“Frankly, if one act of inoffensive drunkenness at an after work function provided a valid reason for dismissal, I suspect that the majority of Australian workers may have potentially lost their jobs.”
The Commissioner noted that summary dismissal, as a form of dismissal, should be treated with the appropriate gravity deserving of a decision that:
• records very serious wrongdoing;
• is implemented without notice or payment in lieu; and
• can prevent access to some accrued entitlements, like long service leave.
In respect of the allegations of sexually charged and harassing conduct by the Applicant, the Commissioner found that the employer did not undertake a full and proper investigation and that the conduct in dispute was not proven.
Leaving only, Ms Puszka’s act of vomiting, and needing to be assisted to a taxi, as grounds that could be relied upon for dismissal. The Commission found that this conduct did not constitute a wilful attack on the employment relationship, and that it was not of adequate severity to justify dismissal with notice, let alone summary dismissal.
Additionally, the Commission found the employer’s failure to suspend Ms Puszka, in fact allowing her to carry out her duties as usual for over a week before dismissing her, prevented the employer from then opting to summarily dismiss her. This would appear to be because their continued working relationship indicated that their employment relationship could have continued.

Lessons for employers
Ultimately, the Commission decided in this case, that Ms Puszka had been unfairly dismissed, and that the appropriate remedy would be to reinstate Ms Puszka to her role. This decision was later upheld by the Full Bench of the Fair Work Commission on appeal.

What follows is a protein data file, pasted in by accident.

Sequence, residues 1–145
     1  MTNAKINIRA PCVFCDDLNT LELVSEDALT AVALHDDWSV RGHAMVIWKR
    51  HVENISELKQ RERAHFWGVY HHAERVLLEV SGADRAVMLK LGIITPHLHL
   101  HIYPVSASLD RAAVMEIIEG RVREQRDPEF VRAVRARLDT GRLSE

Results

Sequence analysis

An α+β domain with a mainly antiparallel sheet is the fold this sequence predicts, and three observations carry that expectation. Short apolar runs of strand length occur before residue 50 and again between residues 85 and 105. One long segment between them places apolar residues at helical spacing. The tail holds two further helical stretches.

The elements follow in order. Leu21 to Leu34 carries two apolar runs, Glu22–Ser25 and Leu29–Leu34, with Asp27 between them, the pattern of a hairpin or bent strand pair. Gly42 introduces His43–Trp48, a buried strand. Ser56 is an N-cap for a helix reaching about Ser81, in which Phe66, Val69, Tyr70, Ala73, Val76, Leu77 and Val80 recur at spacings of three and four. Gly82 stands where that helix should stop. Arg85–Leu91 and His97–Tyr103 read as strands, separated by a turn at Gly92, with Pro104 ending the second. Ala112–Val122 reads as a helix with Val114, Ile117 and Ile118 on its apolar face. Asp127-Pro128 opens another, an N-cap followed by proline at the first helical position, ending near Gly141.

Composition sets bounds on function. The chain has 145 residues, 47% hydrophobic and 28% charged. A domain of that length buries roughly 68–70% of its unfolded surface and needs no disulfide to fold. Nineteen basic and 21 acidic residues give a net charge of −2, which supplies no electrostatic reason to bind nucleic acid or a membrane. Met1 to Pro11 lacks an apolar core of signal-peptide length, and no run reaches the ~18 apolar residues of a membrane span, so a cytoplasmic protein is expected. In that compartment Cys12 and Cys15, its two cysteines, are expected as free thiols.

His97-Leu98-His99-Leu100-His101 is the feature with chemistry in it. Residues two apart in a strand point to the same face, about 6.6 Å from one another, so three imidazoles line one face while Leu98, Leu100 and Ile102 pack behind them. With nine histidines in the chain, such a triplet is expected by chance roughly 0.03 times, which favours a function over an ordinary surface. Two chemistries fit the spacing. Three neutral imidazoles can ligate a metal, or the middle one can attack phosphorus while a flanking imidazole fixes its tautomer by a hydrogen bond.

The case confirms that conduct of employees at an ‘out of hours’ drinks event can be the subject of disciplinary action, particularly where the behaviour poses reputational damage or could impact the employer’s business relationships. However, mere drunkenness is unlikely to be supported as a valid reason for dismissal. The nature of the behaviour must carry some quality of being significantly offensive, strike at the employment relationship, or pose a serious risk to the employer’s reputation or business interests.
The case further confirms that summary dismissal should not be treated lightly as a potential disciplinary action, and that it should be a decision reserved for serious misconduct. Accordingly, a decision to summarily dismiss should only be made once the relevant conduct has clearly been proven, and a deficient investigation should not be relied upon to effect a summary dismissal.
Of particular note, is that the Commission viewed that where there had been no suspension of the employee, the option to summarily dismiss was not open to the employer. Therefore, if there is no suspension of an employee pending the results of an investigation, an employer should think twice before summarily dismissing an employee.
Overall, when deciding whether to investigate or discipline an employee for such conduct at an ‘out of hours’ work drinks, serious consideration should be made about whether such behaviour is serious enough to be the subject of action.

If you find yourself dealing with employee conduct outside of work, or carrying out an investigation, beware the risks involved and contact the NRA Workplace Relations team on 1800 RETAIL (738 245) for advice.